And then the question became moot. I was pushed asleep.

Have you ever had general anesthesia for a medical procedure? Then you know how it feels to be "pushed" to sleep. You aren't tired; you aren't even relaxed. The anesthetist is talking to you and then…you just aren't. Discontinuity. Later, you wake up with a complete and clear memory of everything that happened up until your loss of consciousness, which might well have occurred in mid-sentence.

That's what happened when I awoke. I was still paralyzed, still terrified, and still in my bed. However I had been on my stomach; I was now lying on my back. There was no sound in the room and I felt I was alone. But I had to prove it. I broke the paralysis, turned on my bed light and looked around the room. No one else was there, and nothing was amiss. However, I was lying on top of my comforter, nude, covered with goose pimples and damp sweat.

It was 4:30 am.

Usually when I awaken at night, I have a good idea what time it is. My feeling was that I had been dragged off the bed about 2:30. If that was correct, I had been unconscious for two hours.

There was no way I was going back to sleep. I went downstairs, had a bowl of cereal and watched Nick At Night on cable until the sun came up.

I tried to work during the day, but it was very hard to focus. I considered calling the psychologist but I had stopped seeing him; he had never helped me (actually asked questions like, "Why do you think you'd want to be abducted?") and I had gotten tired of solving his personal problems on my nickel.

Thing is, I felt foolish because I'd been aware this was happening for months, now. Nevertheless, there was a difference between believing and knowing. Believing had come relatively easy. Knowing was like being kicked in the gut.

And this time, there were no bruises, nothing amiss in my bedroom. There was no evidence anything had happened at all. Yet, I was certain. My own experience trumped any lack of external proof.

That night, I tried to go to sleep but failed. Logic told me there wouldn't be an abduction every night; but each movement out my window, each scratch of a branch against the outer wall or creak of the building's frame had me clinging to the ceiling in panic. Finally I rose, ate more cereal, and spent another night with Samantha and Darrin, Jeannie and Tony, Rob and Laura, and Lucy and Ricky.

The following day was worse. I had now not slept in most of two nights. But that evening the same thing happened. When night fell I couldn't sleep, however exhausted I was. The third morning after the abduction I knew I had to do something. I made an appointment with my medical doctor.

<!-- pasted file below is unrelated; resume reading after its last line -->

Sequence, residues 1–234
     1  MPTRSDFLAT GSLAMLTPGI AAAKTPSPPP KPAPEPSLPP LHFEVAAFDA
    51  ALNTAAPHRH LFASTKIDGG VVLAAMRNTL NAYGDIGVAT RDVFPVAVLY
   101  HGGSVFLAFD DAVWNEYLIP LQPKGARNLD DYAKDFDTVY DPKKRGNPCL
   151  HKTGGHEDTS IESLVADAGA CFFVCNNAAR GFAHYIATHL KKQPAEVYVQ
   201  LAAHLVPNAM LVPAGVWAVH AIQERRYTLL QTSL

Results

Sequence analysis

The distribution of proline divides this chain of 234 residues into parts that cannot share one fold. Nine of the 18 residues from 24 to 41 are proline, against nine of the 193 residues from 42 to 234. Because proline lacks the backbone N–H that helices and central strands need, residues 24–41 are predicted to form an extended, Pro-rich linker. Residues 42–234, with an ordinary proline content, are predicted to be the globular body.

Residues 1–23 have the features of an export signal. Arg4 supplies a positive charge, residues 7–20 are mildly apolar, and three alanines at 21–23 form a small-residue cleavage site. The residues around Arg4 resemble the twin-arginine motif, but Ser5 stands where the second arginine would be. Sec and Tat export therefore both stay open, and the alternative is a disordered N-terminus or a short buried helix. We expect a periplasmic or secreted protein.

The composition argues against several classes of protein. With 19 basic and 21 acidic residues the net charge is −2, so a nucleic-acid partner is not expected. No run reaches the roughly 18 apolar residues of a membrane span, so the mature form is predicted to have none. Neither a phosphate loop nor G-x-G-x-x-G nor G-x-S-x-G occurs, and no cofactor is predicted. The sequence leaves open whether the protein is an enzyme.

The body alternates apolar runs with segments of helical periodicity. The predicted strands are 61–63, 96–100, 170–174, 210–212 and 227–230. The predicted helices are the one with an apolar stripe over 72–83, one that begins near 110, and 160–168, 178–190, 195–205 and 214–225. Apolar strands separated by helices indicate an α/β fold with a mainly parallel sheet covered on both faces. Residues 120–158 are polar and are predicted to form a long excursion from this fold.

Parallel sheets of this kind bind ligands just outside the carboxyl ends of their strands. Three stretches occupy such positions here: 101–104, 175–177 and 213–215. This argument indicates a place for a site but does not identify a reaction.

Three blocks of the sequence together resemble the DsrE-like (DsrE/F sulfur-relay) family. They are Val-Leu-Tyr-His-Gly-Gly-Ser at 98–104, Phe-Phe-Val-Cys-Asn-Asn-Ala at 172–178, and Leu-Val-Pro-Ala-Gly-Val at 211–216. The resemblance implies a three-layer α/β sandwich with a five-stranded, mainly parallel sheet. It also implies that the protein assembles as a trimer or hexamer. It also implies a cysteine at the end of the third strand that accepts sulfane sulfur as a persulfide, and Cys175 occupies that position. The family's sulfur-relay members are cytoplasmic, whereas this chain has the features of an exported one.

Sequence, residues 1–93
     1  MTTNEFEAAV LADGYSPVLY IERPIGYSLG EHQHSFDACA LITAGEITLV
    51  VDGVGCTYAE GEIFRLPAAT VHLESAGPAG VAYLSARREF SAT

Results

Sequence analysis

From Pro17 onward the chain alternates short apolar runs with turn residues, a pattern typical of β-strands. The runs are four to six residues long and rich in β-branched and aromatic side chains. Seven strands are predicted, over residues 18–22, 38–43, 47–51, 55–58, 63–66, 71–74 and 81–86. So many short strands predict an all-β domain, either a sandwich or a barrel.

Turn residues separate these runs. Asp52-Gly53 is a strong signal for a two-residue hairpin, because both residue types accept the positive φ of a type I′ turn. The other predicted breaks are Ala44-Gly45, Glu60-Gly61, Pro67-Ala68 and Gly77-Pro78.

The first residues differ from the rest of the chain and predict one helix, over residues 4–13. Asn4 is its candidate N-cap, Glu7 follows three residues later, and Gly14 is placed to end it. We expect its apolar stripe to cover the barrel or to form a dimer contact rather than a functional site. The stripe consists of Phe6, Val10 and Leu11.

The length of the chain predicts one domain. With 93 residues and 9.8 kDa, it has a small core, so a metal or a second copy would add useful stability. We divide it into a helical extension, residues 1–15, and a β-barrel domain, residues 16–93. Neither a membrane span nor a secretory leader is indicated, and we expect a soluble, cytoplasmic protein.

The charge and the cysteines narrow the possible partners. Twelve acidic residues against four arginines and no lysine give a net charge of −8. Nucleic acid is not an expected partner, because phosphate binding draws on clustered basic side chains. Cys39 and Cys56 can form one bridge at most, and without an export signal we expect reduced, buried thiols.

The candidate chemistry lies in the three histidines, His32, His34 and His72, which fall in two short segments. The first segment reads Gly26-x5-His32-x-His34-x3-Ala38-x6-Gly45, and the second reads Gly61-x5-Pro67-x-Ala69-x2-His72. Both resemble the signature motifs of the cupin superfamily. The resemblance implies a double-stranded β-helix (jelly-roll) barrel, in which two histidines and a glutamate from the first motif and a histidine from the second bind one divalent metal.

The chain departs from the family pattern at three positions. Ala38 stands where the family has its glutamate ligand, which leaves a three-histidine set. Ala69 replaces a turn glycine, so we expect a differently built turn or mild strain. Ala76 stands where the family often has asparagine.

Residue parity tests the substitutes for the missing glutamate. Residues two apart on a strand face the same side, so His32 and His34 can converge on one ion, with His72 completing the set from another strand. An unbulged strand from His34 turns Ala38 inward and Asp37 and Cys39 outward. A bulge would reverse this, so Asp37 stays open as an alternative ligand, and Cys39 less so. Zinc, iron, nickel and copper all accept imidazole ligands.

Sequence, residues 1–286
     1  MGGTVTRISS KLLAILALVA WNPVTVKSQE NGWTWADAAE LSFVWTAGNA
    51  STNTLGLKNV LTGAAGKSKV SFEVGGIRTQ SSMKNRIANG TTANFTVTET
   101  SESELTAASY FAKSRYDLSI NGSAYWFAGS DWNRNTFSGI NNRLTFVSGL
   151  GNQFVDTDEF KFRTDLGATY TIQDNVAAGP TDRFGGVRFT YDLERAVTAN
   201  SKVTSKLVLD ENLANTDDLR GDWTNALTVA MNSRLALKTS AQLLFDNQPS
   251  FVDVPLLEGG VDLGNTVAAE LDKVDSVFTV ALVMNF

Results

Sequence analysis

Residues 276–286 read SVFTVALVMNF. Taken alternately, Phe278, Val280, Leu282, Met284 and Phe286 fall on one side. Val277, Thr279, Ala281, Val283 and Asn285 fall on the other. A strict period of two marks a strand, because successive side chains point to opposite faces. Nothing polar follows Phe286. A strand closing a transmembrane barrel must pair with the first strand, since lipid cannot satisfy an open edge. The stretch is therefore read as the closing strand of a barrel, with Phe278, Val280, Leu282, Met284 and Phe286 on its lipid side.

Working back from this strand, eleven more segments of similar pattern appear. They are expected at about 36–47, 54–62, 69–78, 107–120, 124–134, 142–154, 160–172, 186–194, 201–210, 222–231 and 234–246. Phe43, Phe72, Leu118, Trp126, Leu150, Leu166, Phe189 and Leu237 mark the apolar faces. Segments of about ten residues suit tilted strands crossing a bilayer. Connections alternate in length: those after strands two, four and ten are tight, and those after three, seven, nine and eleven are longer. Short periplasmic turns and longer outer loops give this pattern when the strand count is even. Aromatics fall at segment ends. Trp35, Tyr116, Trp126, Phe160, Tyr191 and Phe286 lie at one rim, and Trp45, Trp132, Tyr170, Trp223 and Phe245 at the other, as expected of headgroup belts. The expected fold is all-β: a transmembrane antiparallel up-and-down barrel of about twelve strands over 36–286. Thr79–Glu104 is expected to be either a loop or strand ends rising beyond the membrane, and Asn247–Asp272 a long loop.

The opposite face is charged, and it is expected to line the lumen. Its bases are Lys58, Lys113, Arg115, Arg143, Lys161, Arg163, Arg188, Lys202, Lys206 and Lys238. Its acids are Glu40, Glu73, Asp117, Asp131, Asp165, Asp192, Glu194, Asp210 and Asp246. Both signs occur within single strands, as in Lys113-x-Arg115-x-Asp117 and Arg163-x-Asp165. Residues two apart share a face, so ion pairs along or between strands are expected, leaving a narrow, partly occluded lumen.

As physicians go, Gary was cool. He would listen to me recite my symptoms and my own diagnosis. Sometimes he'd agree with me; sometimes he offer another possibility I hadn't considered. I always felt that we were responsible for my health, and I appreciated that. I had told Gary I was gay and he hadn't batted an eyelash, not even when we ran into each other (naked) at the locker room at the gym to which we both belonged.

So I told him what had happened. I didn't expect him to believe me, but he was polite about it. "You realize there's no medication I can give you that will prevent aliens from materializing in your bedroom," he said, dryly.

I nodded. "I just need something to let me sleep," I said. "If I can get some rest, I can process this and deal with it. Right now, I can't do anything."

Gary left the room to look up an appropriate sedative, and I peeked at my chart. "Night psychosis," he had diagnosed. I looked it up, later. Turns out, "night psychosis" is the diagnosis for patients who see aliens in their bedrooms. And in spite of all the sleep labs and sleep studies on thousands of patients, night psychosis has never been observed in a laboratory setting!

Gary came back with a scrip for a mild sleep aid, just five pills. "You shouldn't need more than that," he said. "It's easy to become dependent on sleeping pills. So just take one when you really need it."

I had the prescription filled on the way home, took one, and slept for sixteen hours. I felt a lot better when I woke up; I ate, bathed, and by the time I'd watched a little TV it was nighttime again. I took the second pill and slept through the night.

The next night I didn't take one. I was very sleepy and the idea I might be abducted again didn't even scare me. I sank into the mattress and was out like a light.